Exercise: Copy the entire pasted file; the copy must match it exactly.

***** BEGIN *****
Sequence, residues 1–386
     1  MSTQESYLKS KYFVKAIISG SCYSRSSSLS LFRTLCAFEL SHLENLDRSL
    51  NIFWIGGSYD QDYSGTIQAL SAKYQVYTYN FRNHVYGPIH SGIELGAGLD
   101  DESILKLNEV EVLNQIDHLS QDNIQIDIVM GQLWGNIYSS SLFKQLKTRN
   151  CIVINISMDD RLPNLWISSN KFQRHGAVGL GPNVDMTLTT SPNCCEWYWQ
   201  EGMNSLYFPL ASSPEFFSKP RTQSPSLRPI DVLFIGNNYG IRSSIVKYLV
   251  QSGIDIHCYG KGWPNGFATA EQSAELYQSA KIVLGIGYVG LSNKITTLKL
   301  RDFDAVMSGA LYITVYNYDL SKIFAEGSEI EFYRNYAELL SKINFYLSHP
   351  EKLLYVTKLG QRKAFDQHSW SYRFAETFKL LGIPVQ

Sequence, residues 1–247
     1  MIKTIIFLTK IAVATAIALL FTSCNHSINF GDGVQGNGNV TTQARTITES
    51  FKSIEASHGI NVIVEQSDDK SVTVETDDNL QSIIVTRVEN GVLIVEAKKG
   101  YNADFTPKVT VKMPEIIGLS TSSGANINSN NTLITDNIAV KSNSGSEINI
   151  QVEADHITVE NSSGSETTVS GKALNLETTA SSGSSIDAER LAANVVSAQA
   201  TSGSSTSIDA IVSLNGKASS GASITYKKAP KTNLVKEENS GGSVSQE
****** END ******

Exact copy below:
Sequence, residues 1–386
     1  MSTQESYLKS KYFVKAIISG SCYSRSSSLS LFRTLCAFEL SHLENLDRSL
    51  NIFWIGGSYD QDYSGTIQAL SAKYQVYTYN FRNHVYGPIH SGIELGAGLD
   101  DESILKLNEV EVLNQIDHLS QDNIQIDIVM GQLWGNIYSS SLFKQLKTRN
   151  CIVINISMDD RLPNLWISSN KFQRHGAVGL GPNVDMTLTT SPNCCEWYWQ
   201  EGMNSLYFPL ASSPEFFSKP RTQSPSLRPI DVLFIGNNYG IRSSIVKYLV
   251  QSGIDIHCYG KGWPNGFATA EQSAELYQSA KIVLGIGYVG LSNKITTLKL
   301  RDFDAVMSGA LYITVYNYDL SKIFAEGSEI EFYRNYAELL SKINFYLSHP
   351  EKLLYVTKLG QRKAFDQHSW SYRFAETFKL LGIPVQ

Sequence, residues 1–247
     1  MIKTIIFLTK IAVATAIALL FTSCNHSINF GDGVQGNGNV TTQARTITES
    51  FKSIEASHGI NVIVEQSDDK SVTVETDDNL QSIIVTRVEN GVLIVEAKKG
   101  YNADFTPKVT VKMPEIIGLS TSSGANINSN NTLITDNIAV KSNSGSEINI
   151  QVEADHITVE NSSGSETTVS GKALNLETTA SSGSSIDAER LAANVVSAQA
   201  TSGSSTSIDA IVSLNGKASS GASITYKKAP KTNLVKEENS GGSVSQE